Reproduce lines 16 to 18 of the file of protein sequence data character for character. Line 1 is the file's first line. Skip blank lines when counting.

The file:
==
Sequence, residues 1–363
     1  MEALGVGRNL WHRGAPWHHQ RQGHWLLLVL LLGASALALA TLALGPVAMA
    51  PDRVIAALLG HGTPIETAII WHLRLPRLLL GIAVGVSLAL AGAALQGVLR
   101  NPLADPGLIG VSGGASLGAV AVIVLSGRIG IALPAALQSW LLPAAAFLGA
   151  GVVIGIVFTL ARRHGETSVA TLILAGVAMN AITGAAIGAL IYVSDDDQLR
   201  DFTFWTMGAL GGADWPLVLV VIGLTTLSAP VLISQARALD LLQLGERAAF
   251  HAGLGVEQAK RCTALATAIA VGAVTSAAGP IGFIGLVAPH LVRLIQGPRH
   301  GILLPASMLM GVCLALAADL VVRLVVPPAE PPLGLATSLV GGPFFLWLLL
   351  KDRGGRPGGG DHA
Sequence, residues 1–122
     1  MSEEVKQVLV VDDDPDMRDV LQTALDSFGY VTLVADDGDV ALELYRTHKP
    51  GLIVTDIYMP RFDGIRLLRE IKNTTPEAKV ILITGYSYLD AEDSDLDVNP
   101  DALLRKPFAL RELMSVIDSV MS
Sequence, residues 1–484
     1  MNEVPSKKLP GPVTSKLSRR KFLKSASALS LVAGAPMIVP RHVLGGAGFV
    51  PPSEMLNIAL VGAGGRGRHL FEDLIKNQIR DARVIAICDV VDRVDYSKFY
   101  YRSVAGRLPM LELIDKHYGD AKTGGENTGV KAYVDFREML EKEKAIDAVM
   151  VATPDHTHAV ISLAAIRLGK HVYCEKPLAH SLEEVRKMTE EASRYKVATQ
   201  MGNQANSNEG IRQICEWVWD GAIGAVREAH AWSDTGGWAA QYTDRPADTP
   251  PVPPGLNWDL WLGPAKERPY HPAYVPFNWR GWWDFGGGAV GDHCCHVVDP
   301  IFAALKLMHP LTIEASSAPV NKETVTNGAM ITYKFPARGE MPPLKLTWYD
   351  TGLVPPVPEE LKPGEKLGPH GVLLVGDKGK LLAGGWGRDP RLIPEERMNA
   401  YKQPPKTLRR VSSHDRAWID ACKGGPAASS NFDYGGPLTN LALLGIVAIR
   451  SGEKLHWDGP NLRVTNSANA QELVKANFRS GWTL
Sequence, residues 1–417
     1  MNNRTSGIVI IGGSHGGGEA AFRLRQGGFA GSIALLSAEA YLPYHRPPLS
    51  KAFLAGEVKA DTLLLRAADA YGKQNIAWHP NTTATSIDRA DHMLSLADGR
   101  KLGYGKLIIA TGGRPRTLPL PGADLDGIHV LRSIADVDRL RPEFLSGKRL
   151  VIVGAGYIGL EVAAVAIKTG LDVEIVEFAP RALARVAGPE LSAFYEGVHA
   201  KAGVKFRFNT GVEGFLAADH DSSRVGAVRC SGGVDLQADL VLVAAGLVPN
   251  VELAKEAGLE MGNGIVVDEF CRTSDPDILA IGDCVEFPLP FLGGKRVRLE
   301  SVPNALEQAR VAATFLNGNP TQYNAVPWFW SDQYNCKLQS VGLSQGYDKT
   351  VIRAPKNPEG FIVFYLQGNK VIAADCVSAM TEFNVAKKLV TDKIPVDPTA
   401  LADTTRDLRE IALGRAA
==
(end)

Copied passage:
    51  PPSEMLNIAL VGAGGRGRHL FEDLIKNQIR DARVIAICDV VDRVDYSKFY
   101  YRSVAGRLPM LELIDKHYGD AKTGGENTGV KAYVDFREML EKEKAIDAVM
   151  VATPDHTHAV ISLAAIRLGK HVYCEKPLAH SLEEVRKMTE EASRYKVATQ